Monday, 4 July 2011

How the world's most improved school systems keep getting better

 By Mona Mourshed, Chinezi Chijioke, and Michael Barber

Mona Mourshed
Mona Mourshed

How does a school system with poor performance become good? And how does one with good performance become excellent? 
 Click this link to read the full Report

The fundamental challenge school system leaders face is how to shepherd their system through a journey to higher student outcomes. This journey is all the more complex because system starting points are different, contextual realities vary, and system leaders face multiple choices and combinations of what to do along the way—a single misplaced step can result in system leaders inadvertently taking a path that cannot get them to their desired destination. While there is no single path to improving school system performance, the experiences of all the 20 improving school systems we studied show that strong commonalities exist in the nature of their journeys. This report outlines the aspects of these journeys that are universal, those that are context-specific, and how the two interact. We hope these experiences benefit school systems around the world in navigating their own path to improvement.

School systems do three types of things to achieve this goal—they change their structure by establishing new institutions or school types, altering school years and levels, or decentralizing system responsibilities; they change their resources by adding more education staff to schools or by increasing system funding; and, they change their processes by modifying curriculum and improving the way that teachers instruct and principals lead. All three of these intervention types—structure, resources, and process—are important along the improvement journey. The public debate, however, often centers on structure and resource due to their stakeholder implications. However, we find that the vast majority of interventions made by the improving systems in our sample are “process” in nature; and, within this area, improving systems generally spend more of their activity on improving how instruction is delivered than on changing the content of what is delivered.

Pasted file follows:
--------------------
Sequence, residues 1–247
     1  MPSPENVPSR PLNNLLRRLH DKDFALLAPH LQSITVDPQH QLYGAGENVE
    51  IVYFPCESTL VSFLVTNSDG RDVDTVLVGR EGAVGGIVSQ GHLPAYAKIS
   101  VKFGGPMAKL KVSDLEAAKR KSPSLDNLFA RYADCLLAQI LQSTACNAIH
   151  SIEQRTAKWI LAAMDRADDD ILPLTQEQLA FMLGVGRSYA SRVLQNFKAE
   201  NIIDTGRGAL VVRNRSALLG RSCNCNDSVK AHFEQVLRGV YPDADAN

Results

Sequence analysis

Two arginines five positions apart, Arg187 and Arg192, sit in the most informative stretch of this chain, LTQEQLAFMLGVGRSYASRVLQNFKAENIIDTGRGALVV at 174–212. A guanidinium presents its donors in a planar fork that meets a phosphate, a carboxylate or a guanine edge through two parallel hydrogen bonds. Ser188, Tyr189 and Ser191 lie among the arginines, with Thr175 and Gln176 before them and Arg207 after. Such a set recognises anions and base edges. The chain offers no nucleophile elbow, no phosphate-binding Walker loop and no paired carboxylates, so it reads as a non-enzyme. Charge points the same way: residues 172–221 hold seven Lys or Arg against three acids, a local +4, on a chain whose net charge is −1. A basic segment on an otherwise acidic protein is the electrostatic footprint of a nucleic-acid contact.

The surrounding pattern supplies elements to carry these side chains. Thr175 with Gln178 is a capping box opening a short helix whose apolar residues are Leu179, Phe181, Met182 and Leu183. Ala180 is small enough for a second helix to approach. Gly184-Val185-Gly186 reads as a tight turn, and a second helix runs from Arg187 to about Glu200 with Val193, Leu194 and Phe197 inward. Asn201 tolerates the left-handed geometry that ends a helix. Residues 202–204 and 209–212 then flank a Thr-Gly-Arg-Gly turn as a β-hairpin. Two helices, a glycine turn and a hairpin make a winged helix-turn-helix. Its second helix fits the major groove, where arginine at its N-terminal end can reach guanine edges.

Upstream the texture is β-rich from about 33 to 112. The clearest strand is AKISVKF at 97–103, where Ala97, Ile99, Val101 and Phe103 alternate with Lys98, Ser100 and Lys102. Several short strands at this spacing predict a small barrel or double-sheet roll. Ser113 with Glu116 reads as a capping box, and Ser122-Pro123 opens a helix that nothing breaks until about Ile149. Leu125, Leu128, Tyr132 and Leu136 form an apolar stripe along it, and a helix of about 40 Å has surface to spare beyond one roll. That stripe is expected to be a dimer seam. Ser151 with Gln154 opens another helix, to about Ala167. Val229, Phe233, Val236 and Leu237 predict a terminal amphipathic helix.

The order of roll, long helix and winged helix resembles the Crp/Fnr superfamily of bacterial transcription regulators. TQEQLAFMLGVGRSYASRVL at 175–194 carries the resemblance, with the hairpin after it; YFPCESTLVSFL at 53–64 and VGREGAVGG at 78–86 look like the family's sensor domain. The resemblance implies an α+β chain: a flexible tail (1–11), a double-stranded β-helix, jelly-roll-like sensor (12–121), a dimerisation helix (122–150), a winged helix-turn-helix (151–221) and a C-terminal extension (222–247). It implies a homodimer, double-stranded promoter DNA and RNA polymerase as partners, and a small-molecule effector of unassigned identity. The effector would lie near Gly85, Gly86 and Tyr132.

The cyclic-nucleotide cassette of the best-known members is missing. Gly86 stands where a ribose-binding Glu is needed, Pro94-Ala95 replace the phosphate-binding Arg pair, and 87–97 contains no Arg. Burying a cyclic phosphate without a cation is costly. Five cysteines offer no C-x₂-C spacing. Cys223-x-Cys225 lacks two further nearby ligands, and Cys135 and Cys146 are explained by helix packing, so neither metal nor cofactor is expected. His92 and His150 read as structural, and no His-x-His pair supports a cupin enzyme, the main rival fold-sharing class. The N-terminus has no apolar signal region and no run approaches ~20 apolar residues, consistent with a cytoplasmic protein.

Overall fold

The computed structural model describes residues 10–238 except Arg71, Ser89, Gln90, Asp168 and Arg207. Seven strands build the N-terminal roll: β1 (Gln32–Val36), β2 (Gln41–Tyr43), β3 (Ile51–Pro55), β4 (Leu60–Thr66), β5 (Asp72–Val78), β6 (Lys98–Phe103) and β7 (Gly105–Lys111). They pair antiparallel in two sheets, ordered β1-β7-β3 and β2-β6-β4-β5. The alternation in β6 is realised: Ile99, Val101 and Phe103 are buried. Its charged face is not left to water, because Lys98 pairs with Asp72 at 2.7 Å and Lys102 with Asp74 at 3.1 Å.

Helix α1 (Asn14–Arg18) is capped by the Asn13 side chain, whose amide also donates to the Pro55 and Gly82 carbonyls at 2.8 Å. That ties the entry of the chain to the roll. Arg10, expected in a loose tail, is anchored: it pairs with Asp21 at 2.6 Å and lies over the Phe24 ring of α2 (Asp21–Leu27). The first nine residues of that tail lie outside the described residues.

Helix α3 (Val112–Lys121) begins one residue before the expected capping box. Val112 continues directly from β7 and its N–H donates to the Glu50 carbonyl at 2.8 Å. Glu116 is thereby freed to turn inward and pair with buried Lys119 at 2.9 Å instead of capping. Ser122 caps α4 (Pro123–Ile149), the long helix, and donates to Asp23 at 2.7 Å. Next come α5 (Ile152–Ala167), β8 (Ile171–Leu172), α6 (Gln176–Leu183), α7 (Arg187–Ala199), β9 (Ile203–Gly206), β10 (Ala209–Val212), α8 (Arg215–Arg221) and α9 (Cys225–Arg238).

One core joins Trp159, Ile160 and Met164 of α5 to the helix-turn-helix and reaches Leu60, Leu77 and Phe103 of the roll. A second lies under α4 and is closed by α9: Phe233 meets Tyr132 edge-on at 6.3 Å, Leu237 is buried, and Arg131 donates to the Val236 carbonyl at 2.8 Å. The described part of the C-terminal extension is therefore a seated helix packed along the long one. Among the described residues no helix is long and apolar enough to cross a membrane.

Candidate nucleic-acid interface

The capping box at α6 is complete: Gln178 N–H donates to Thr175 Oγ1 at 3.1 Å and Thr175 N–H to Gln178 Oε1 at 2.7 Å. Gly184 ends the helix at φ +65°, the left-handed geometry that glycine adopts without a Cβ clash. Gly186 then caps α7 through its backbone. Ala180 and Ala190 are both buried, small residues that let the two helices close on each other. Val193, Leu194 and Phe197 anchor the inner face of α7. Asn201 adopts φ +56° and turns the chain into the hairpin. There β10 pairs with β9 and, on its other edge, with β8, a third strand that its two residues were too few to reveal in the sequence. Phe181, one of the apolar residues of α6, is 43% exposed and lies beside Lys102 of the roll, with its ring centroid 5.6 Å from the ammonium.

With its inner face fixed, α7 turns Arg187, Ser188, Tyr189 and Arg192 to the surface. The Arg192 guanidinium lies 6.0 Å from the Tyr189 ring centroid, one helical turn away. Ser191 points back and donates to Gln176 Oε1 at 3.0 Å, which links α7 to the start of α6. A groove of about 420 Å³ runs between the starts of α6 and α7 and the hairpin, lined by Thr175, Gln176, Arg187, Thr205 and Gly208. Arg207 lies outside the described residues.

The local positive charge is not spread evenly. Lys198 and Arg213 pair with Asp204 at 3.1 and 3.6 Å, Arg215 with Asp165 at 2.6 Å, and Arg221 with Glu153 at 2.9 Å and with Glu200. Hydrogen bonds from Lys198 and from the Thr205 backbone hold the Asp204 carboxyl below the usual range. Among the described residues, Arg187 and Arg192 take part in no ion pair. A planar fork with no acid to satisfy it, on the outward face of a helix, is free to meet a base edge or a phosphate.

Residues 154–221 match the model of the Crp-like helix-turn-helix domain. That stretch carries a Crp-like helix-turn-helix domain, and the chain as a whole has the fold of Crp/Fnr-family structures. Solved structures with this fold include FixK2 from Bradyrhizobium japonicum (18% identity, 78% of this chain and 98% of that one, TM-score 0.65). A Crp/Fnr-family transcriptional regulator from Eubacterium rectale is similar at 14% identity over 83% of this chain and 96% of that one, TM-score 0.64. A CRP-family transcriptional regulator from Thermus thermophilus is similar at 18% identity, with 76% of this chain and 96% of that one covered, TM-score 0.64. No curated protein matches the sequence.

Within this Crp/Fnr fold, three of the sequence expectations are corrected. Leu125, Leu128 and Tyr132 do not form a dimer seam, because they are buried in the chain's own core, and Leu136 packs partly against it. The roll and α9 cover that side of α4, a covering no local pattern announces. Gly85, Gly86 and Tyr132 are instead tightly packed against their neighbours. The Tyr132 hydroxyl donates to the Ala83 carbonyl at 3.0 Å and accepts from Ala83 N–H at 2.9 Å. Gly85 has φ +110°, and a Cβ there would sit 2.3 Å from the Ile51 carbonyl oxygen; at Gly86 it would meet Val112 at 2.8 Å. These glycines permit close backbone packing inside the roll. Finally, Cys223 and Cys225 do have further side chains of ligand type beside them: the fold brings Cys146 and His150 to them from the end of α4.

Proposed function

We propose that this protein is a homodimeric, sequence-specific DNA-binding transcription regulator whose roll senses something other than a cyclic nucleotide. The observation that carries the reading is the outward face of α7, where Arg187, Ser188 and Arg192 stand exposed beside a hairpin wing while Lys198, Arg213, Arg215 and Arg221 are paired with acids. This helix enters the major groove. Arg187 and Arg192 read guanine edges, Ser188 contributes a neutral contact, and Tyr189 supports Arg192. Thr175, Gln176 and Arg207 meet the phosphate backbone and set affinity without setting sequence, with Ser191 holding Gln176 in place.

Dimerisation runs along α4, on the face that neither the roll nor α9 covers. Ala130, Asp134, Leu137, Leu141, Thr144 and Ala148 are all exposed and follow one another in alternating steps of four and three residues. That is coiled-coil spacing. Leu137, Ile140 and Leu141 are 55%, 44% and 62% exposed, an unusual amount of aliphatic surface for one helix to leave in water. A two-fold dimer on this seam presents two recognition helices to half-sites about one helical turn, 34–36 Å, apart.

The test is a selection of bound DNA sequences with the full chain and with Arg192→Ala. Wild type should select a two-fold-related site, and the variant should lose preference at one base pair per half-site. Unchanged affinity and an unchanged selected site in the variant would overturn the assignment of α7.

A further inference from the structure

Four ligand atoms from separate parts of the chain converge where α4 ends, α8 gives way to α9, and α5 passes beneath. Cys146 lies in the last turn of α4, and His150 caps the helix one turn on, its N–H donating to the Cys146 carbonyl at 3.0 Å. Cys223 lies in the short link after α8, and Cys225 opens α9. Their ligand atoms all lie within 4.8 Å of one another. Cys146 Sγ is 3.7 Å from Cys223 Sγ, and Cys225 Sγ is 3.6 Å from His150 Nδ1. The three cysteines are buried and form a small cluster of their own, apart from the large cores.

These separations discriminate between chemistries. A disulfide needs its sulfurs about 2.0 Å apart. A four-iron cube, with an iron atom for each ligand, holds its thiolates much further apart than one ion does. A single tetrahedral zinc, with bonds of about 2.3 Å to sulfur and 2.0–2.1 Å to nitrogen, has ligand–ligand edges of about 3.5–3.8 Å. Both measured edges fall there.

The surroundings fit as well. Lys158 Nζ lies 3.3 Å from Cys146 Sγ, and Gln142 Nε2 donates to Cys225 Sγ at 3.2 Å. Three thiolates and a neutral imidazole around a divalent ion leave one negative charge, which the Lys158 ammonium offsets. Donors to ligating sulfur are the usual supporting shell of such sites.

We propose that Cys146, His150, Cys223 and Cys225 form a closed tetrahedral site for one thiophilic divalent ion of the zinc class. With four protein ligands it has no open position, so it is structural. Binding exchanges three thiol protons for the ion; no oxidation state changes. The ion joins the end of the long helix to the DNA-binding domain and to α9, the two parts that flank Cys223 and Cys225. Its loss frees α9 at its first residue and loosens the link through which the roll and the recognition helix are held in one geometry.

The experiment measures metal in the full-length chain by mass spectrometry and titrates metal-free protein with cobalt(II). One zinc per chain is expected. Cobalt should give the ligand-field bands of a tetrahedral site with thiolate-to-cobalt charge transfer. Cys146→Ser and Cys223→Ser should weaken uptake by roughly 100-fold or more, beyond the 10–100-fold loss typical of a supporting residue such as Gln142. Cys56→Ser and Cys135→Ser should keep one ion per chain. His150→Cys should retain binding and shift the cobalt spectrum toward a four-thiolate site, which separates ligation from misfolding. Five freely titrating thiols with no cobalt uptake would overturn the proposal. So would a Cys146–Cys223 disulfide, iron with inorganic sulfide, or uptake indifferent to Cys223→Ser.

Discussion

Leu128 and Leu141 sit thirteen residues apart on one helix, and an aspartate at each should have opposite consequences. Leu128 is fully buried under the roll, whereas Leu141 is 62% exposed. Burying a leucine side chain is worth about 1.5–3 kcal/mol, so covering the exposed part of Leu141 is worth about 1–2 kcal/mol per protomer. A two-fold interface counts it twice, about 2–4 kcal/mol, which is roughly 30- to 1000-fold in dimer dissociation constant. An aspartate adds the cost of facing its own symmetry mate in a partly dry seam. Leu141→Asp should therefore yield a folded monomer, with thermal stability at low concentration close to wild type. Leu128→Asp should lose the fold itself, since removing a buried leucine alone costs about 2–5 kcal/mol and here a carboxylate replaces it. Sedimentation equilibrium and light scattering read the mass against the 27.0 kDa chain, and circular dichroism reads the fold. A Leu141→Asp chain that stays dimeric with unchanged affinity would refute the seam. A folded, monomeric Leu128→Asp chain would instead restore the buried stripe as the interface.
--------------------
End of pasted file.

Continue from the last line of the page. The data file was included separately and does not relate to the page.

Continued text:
Six interventions occur equally at every performance stage for all systems. Our research suggests that six interventions are common to all performance stages across the entire improvement journey: building the instructional skills of teachers and management skills of principals, assessing students, improving data systems, facilitating improvement through the introduction of policy documents and education laws, revising standards and curriculum, and ensuring an appropriate reward and remuneration structure for teachers and principals. Though these interventions occur at all performance stages, they manifest differently at each stage. Taking the example of teacher training, for instance: while Armenia (on the journey from fair to good) relied on centrally-driven, cascaded teacher training programs, Singapore (on the journey from good to great) allowed teachers flexibility in selecting the topics that were most relevant to their development needs.
Executive Summary
Country Summary

If you liked this report then you might like reading more from McKinsey Social Sector on issues including education and employment.

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